FCC Won't Budge on Infinity Indecency Fine
What a surprise. The FCC Friday refused Infinity Radio's request to reduce the $27,500 indecency fine imposed in December against WKRK(FM) Detroit's Deminski and Doyle
show. Of course, these days, Congress is slapping broadcasters (and the FCC) around for letting that foul stuff on the air.
The shock jocks were fined over a call-in portion of their show in which listeners were encouraged to describe sex acts they'd performed. It got plenty graphic.
At the moment, $27,500 is the maximum that can be charged for a single violation on a single station. But the Senate Commerce Committee Tuesday morning will vote on a measure to increase indecency fines. The House Commerce Committee passed a similar bill last week (see page 3).
With hundreds of thousands in fines pending for that and other raunchy broadcasts, Infinity officials would say only that they "turned over the FCC's order to our lawyers."
Infinity already has implied that it will go to court to fight a much larger $357,000 fine against the company's WNEW(FM) New York for sex stunt at St. Patrick's Cathedral by DJs Opie & Anthony. The St. Pat's broadcast aired on multiple stations.
If Infinity doesn't back down, the resulting legal battles could determine whether the federal government's push to clean up the airwaves passes constitutional muster or is a violation of First Amendment rights.
The FCC is also close to a decision that will settle complaints about its handling of a case involving U2 frontman Bono, who blurted out the f-word during NBC's 2003 Golden Globes broadcast.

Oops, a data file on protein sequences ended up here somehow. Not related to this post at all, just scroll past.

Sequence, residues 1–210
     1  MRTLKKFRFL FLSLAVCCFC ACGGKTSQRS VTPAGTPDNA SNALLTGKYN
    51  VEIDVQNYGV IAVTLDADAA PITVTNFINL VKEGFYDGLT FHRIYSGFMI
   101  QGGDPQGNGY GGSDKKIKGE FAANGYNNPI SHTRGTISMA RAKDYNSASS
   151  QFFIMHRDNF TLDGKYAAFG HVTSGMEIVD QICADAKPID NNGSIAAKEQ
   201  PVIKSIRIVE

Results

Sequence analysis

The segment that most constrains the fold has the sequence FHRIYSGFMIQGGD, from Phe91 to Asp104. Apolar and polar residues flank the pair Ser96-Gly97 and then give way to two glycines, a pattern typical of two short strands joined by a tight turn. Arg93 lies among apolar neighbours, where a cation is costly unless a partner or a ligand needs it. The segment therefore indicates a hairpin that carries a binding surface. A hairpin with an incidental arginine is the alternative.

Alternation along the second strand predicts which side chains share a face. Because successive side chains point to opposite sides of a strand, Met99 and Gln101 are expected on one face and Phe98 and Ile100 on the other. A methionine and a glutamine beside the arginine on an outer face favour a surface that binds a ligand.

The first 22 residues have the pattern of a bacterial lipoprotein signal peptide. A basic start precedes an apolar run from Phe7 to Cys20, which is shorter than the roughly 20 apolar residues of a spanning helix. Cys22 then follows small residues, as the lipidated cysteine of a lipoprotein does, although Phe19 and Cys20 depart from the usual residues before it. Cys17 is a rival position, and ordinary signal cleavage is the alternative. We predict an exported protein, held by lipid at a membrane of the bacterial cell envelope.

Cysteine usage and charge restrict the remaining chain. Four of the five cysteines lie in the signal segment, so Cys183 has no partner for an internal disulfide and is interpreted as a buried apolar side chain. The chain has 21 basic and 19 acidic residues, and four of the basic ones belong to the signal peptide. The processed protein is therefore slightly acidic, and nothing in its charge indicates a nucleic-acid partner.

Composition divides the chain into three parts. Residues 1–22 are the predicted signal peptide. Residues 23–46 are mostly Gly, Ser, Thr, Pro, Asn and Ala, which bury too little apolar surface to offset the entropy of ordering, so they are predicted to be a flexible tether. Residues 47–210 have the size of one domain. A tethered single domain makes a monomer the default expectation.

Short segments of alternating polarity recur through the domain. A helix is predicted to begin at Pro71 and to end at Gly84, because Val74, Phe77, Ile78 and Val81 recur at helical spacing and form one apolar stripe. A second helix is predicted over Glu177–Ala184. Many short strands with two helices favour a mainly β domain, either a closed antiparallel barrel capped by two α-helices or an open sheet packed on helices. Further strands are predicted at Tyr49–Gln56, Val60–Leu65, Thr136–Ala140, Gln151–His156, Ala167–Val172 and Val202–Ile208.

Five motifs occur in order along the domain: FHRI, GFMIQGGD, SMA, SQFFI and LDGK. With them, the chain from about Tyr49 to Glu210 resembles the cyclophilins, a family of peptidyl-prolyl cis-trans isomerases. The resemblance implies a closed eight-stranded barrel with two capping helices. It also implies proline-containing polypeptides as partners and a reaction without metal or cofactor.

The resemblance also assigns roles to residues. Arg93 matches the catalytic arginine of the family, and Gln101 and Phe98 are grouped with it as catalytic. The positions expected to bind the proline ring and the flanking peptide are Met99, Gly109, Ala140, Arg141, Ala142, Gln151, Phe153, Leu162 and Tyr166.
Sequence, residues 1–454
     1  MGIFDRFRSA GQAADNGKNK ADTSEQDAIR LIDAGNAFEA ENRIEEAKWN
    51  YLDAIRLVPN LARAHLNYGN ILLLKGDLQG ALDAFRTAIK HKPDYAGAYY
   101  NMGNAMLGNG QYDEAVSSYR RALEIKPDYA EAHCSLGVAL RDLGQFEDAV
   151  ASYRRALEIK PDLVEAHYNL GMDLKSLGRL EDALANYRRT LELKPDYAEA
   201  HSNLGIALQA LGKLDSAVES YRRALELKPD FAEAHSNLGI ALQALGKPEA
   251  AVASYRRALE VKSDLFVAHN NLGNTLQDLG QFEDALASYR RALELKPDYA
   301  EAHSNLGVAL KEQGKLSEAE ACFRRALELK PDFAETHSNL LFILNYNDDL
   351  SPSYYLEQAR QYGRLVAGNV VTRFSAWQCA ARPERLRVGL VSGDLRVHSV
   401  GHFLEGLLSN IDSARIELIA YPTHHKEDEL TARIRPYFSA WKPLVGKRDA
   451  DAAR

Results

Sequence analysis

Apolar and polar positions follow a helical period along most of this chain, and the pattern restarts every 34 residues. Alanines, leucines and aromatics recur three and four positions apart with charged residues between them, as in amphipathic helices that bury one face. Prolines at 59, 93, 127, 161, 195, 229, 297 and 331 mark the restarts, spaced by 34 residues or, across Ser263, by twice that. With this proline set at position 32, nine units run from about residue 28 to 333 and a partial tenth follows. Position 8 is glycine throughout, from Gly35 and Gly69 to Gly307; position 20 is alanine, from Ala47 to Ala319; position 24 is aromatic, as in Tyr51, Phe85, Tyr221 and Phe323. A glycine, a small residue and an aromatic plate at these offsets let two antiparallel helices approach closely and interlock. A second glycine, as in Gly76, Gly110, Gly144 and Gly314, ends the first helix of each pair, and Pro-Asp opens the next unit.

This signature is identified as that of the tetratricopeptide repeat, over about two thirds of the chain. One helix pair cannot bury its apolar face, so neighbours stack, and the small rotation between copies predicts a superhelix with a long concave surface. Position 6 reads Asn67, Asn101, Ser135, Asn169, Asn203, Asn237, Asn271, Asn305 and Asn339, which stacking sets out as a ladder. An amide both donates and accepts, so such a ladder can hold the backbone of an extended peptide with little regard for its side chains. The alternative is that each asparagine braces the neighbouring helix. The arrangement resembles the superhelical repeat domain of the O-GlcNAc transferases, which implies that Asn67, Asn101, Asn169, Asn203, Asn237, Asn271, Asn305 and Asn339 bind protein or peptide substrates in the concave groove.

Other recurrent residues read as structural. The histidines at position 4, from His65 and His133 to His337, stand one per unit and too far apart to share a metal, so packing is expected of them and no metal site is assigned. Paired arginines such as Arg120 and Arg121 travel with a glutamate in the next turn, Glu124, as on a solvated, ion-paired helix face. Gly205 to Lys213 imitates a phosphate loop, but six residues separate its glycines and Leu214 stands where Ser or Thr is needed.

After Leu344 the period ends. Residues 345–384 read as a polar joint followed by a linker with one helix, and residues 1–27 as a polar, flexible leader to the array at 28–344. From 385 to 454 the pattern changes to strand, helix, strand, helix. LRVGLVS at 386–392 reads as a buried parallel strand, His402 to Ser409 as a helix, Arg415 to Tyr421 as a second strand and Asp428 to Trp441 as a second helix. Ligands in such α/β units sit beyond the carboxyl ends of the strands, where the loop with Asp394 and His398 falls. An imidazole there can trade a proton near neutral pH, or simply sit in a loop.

As reported by BROADCASTING & CABLE in the
March 1 issue, the commission will reverse its original decision giving the green light for use of the f-word when it's not used as a specific reference to sex. (Bono called his award "f****** brilliant.")
The FCC also will uphold its decision not to fine NBC's O&Os. An FCC source confirmed that nearly a dozen more proposed fines and forfeiture orders are on the way, some for six figures.
The investigations include indecency complaints about Infinity's Howard Stern as well as broadcasts by Emmis and Clear Channel stations.
Meanwhile, FCC Chairman Michael Powell late last week told Rep. John Dingell (D-Mich.) that the FCC might not wait around for new tougher indecency laws before considering license revocation.
In a letter to Dingell, Powell wrote, "In light of the Commission's recently expressed intention to consider license revocation as a possible sanction in more egregious indecency cases, we will give serious consideration to designating for hearing renewal applications of licensees with serious or repeated indecency violations."
Powell also re-emphasized that a couple dozen complaints are about to be acted upon, with most getting hit with proposed fines.
The new get-tough attitude, no doubt, is about to turn some shock jocks into shocked jocks.